On Monday morning, a large crowd gathered around the bandstand on the Plaza. In front of the bandstand, fliers and posters were displayed on the ground, many bearing the photographs of people who are missing or dead. Placards calling for an end to the war on drugs were carried by many, and incense wafted from a small altar on the bandstand, decorated with conch shells and feathers.
The gathering on the Plaza was the eighth stop for the Caravan for Peace, which is making a 27-city tour to highlight the tragedies of the war on drugs, according to a news release prepared by ProgressNow New Mexico, a nonprofit that helped handle publicity for the Caravan.
The Caravan for Peace began in Tijuana, Mexico, on Aug. 11 and is scheduled to arrive in Washington, D.C., on Sept. 12 after visits to several Texas border towns, Atlanta, Chicago and New York, among other cities.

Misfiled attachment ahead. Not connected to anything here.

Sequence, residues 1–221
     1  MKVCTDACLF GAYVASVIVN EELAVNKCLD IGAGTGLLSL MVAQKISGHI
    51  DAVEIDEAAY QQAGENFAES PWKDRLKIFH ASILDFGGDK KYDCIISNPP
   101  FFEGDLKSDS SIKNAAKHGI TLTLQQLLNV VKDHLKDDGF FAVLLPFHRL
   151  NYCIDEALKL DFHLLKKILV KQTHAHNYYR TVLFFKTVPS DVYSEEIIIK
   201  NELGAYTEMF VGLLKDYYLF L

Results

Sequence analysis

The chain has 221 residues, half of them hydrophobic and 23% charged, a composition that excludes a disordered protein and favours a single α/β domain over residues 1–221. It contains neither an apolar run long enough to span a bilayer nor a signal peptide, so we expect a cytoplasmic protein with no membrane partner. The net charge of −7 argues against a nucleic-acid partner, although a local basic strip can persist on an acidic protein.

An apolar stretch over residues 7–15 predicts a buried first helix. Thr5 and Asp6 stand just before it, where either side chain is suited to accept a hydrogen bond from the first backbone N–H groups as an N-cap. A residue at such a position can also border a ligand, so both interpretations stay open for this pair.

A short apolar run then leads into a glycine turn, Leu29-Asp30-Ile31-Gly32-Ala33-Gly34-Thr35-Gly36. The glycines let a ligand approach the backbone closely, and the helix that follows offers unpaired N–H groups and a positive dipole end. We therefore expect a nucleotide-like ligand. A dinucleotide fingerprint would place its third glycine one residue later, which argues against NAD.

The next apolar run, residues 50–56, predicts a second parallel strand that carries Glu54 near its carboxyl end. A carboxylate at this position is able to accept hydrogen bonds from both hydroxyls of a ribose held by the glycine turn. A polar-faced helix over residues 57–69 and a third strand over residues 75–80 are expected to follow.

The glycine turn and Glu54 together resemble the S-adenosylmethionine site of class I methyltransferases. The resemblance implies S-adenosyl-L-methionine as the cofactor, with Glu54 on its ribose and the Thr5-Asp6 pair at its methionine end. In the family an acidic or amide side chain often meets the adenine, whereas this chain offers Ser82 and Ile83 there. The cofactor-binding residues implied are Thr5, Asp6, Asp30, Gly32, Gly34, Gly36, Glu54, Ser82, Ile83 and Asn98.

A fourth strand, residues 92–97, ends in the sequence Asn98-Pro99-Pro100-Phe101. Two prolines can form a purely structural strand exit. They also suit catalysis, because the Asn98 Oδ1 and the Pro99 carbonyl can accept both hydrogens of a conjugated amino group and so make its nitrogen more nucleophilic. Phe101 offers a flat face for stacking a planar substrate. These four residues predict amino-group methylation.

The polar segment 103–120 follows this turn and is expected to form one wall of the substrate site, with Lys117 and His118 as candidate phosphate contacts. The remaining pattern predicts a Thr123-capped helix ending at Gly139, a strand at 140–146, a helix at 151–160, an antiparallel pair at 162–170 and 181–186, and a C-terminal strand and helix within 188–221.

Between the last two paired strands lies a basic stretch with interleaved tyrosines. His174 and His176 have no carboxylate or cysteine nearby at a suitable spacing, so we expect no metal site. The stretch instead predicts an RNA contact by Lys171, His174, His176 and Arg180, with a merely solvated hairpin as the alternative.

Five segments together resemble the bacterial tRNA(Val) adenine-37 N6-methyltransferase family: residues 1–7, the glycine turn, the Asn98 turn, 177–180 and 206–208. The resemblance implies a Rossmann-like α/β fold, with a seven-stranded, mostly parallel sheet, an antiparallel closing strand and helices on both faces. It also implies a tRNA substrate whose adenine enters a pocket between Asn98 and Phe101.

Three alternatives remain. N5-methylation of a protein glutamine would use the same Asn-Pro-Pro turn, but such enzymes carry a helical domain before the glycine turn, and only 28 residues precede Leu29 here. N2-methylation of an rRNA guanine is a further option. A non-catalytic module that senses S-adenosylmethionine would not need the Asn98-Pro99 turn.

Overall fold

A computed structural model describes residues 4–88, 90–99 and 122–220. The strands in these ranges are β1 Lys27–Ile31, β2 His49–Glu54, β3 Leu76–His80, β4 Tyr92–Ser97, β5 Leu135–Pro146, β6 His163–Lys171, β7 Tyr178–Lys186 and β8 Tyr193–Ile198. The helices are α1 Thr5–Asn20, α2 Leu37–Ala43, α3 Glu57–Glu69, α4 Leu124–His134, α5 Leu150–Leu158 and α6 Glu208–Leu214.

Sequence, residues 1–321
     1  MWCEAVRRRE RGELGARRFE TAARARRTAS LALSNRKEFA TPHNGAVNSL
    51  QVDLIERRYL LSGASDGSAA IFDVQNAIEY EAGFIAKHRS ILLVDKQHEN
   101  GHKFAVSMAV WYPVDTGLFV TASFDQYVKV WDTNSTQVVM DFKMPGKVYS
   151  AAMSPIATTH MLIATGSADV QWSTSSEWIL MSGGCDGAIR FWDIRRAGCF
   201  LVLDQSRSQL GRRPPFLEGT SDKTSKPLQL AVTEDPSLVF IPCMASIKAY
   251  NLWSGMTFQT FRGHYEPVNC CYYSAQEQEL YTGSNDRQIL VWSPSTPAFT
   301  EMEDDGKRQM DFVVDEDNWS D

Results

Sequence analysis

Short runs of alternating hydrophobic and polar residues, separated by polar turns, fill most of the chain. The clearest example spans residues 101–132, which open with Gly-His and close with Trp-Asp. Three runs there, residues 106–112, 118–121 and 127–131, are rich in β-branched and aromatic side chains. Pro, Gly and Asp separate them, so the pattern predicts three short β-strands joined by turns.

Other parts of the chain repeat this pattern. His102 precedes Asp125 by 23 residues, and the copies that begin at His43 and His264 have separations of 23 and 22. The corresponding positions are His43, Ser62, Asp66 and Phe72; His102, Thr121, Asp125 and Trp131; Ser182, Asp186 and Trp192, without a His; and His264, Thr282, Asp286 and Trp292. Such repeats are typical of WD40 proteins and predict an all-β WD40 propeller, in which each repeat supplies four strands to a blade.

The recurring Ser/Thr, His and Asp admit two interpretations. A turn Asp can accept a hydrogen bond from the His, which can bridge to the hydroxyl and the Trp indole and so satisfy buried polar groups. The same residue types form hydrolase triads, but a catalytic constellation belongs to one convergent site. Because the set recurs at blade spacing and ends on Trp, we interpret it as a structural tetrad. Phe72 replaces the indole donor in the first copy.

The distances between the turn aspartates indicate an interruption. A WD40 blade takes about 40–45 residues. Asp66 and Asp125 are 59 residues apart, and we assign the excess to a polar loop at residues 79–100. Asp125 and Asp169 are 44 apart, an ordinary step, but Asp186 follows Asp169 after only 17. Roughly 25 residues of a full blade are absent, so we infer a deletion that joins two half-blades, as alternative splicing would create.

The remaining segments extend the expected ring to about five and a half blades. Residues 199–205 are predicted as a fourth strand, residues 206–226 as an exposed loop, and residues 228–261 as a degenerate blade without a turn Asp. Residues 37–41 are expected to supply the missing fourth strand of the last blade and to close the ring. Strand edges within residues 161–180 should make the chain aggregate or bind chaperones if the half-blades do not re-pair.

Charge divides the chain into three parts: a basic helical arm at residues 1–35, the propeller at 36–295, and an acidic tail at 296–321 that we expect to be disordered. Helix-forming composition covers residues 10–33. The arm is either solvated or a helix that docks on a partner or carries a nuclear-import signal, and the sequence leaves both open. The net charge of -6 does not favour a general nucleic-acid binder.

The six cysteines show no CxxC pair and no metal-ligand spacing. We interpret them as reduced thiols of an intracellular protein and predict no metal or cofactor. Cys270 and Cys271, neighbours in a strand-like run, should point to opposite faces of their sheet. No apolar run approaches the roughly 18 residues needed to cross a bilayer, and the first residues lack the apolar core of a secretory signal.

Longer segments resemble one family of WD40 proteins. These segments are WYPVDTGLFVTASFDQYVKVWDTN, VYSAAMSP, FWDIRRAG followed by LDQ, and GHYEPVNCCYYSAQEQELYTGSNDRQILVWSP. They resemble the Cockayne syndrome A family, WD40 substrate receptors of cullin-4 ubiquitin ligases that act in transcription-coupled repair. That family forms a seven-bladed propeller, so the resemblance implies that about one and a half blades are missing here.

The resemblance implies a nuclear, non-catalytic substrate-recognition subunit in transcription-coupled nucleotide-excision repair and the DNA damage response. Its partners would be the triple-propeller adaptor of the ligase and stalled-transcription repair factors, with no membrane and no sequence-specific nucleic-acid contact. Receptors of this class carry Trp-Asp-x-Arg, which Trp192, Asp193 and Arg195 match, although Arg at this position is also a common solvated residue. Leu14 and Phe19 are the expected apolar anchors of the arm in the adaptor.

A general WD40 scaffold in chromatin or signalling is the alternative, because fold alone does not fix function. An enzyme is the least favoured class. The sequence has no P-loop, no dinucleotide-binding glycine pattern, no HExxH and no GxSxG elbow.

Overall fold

At the forefront of the Caravan for Peace is Mexican poet and activist Javier Sicilia. Sicilia’s 24-year-old son Juan Francisco was murdered in March of last year during drug-related violence in Cuernavaca, Mexico. Since then, Sicilia has called for change on both sides of the border. In Mexico, Sicilia leads the organization Movimiento por la Paz con Justicia y Dignidad (Movement for Peace with Justice and Dignity). His work with the caravan is a U.S. extension of that project: Both advocate for a different approach to drug policy in the U.S., including possible decriminalization. In addition, the Caravan for Peace suggests that the U.S. government cease the importation of assault weapons into Mexico, implement tougher laws for money laundering on both sides of the border and re-examine immigration policy.